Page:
Locals beg tourists to stay away from Maui as they start to rebuild after devastating wildfires

Local residents put up signs along the highway entering the fire ravaged town of Lahaina on the island of Maui in Hawaii, US, 15 August, 2023.
Local residents put up signs along the highway entering the fire ravaged town of Lahaina on the island of Maui in Hawaii, US, 15 August, 2023. Copyright REUTERS/Mike Blake
By Ruth Wright with Reuters
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A company that held a charity snorkeling tour near burned out Lahaina later has since issued an apology.


The incongruous sight of tourists enjoying Maui's tropical beaches while search-and-rescue teams trawl building ruins for victims has outraged some residents.

Last week, Maui saw the deadliest US wildfire in more than a century. The death toll currently stands at 106 but is expected to rise. More than 2,000 buildings were flattened by the fires, which were fanned by strong winds.

The cause of the fires is still being investigated. Meanwhile a debate has started about whether tourism should be continuing while a ravaged community picks up the pieces.

Workers repair utility lines in the fire ravaged town of Lahaina on the island of Maui in Hawaii, US, 15 August, 2023.REUTERS/MIKE Blake/File

'Our community needs time to heal, grieve, and restore'

Maui residents have vented on social media, posting video of tourists enjoying holiday activities like snorkeling while the death toll in the historic resort town of Lahaina passes 106 and is rising every day.

"Our community needs time to heal, grieve, and restore," Hawaiian actor Jason Momoa said on Instagram, urging tourists to cancel their trips.

Whereas authorities and businesses have welcomed the trickle of travelelrs, saying it will lessen the blow to the island's economy which relies heavily on tourism. The industry is Maui's "economic engine," generating 80% of its wealth, according to the island's economic development board.

As Maui embarks on a long, painful recovery from the fires, officials are wrestling with how to balance residents' immediate needs for housing and resources against the island's long-term financial health.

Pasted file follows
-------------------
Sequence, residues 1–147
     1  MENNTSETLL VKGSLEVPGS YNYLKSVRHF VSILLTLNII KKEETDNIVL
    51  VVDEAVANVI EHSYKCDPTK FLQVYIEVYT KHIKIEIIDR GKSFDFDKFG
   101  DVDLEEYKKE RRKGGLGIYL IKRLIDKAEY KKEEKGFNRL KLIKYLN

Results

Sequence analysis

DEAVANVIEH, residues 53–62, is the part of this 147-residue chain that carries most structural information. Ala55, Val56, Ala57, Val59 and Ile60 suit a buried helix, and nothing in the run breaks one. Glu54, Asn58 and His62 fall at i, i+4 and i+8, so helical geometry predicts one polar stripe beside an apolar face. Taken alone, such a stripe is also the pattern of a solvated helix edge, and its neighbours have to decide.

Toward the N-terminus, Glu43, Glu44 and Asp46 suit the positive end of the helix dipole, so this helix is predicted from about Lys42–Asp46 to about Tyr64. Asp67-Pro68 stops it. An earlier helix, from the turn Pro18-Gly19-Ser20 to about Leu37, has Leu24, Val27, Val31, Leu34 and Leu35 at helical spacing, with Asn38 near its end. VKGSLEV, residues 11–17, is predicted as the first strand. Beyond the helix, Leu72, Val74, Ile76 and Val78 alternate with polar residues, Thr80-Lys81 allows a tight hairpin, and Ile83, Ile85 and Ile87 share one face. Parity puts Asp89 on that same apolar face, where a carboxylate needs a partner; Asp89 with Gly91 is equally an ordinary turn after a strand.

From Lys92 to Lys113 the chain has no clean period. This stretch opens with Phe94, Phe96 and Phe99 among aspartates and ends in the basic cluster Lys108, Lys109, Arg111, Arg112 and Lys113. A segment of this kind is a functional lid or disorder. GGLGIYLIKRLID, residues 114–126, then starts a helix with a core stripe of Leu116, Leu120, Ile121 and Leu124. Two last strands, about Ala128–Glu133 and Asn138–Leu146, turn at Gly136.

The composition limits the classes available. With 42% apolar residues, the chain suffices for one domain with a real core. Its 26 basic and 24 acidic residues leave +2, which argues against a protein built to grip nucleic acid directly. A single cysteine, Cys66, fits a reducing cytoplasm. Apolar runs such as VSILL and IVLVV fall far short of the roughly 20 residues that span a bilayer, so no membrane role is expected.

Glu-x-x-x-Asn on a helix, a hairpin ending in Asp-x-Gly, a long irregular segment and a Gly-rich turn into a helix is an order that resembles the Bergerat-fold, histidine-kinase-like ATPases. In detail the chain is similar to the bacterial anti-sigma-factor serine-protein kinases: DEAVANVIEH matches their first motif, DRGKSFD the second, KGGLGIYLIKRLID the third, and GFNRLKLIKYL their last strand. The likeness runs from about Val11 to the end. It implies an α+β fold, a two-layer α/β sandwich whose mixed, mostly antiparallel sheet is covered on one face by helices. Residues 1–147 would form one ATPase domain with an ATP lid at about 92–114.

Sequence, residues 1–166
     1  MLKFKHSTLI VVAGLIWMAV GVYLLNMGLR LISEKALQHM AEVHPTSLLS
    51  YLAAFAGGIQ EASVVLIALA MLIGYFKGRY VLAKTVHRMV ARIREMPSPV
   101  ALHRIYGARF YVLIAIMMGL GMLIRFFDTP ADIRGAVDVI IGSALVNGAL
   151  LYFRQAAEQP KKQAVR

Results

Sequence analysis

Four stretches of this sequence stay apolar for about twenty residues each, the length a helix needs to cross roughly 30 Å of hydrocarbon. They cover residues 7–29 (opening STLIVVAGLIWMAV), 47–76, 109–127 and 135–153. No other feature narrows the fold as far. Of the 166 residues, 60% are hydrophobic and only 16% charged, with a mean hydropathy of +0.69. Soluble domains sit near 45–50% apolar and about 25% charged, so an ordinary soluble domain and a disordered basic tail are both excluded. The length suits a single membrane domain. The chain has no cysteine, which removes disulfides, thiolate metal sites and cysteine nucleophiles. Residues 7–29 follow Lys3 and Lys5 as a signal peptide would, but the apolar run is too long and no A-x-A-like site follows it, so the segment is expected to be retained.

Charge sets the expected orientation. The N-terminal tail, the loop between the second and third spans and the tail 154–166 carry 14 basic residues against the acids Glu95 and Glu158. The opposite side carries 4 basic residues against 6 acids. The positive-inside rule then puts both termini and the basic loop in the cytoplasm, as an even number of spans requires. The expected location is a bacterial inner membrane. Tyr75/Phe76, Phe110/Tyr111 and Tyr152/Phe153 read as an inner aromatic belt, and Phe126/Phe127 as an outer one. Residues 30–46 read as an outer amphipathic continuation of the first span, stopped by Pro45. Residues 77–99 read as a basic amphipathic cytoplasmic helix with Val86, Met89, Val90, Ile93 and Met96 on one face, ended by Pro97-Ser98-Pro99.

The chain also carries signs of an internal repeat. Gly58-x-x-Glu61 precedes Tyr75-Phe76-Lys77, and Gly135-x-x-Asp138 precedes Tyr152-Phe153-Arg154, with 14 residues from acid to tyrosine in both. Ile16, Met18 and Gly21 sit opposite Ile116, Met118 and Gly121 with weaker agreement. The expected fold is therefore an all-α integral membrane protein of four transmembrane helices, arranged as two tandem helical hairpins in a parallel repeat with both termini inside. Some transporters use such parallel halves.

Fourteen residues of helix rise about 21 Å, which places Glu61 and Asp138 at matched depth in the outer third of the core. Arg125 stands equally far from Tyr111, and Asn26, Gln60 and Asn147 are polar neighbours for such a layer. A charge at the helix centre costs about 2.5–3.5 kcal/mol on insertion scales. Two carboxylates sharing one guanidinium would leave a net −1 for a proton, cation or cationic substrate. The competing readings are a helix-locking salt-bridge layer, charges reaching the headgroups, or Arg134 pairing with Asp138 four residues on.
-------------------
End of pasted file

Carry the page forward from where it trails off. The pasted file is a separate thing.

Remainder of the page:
Reminiscent of COVID-19 lockdowns

Hawaii Governor Josh Green recalled at a weekend press conference how the COVID-19 pandemic similarly forced the state to weigh the risks of allowing tourists in during a public health crisis against the harm Hawaii's economy would suffer from barring them.

"All of our people will need to survive, and we can't afford to have no jobs or no future for our children," Green said. "When you restrict any travel to a region, you really devastate its own local residents in many ways more than anyone else."

REUTERS/Mike Blake
The fire ravaged town of Lahaina on the island of Maui in Hawaii, U.S., August 15, 2023.REUTERS/Mike Blake

Are flights still running to Hawaii?

Tourism has taken a hit in the week since the wildfire devastated Lahaina, a popular vacation destination that was also home to historic sites significant to Hawaiian residents.

The number of airline passengers to Maui on Sunday was down nearly 81% compared to the same time last year, according to the Hawaii Department of Business, Economic Development and Tourism.

In 2022, 2.9 million tourists visited Maui, which has a year-round population of 165,000, according to the latest numbers from the US Census Bureau. The state tourism department reported in February that visitors spent $5.69 billion on Maui in 2022.

The Hawaii Tourism Authority is asking visitors to avoid all non-essential travel to West Maui, the part of the island affected by the fires, so resources can be used to help locals recover.

“It is likely that a big chunk of the people who are affected, losing family members, losing family homes, it's likely a lot of them were employed by the visitor industry," tourism authority spokesperson Ilihia Gionson said.

Are hotels in West Maui still open?

Hotels in West Maui have temporarily stopped accepting bookings. Many are housing their employees and preparing to house evacuees and first-responders working on disaster recovery, according to the tourism authority.

The agency urged visitors to areas of Maui that did not burn - such as Kahului, Wailuku, Kihei, Wailea and Makena - to contact their accommodation and ensure they could still be hosted.

"Maui is not closed," Maui County Mayor Richard Bissen said at the weekend press conference alongside the governor. "Many of our residents make their living off of tourism."

Reached by phone on Tuesday, the Four Seasons Resort at Wailea Beach in South Maui said all hotel operations were running normally, but that it was encouraging tourists with August reservations to postpone their trips until the rest of the island had recovered more fully.


Occupancy at the five-star hotel had plunged "dramatically" since the fire, a front desk operator said.

Hotel operator Hilton Worldwide Holdings, which has 23 hotels throughout Hawaii, said it was waiving cancellation penalties for those traveling to, from or through all islands of Hawaii until 31 August.

Jack Richards, CEO of Los Angeles-based travel company Pleasant Holidays, scrambled to evacuate more than 400 customers who were on Maui during the fires. Dead phone lines and lost internet connections hampered the efforts, he said.

Most of the tourists were eventually relocated to other Hawaiian islands. Another 1,400 customers with August travel plans to Maui need to be rebooked, he said.

Tour operators who continued to offer services in or around West Maui after the fires faced a flood of criticism.


A company that held a charity snorkeling tour on Friday 11 miles (18 km) from Lahaina later issued an apology and said it was suspending operations for the time being.

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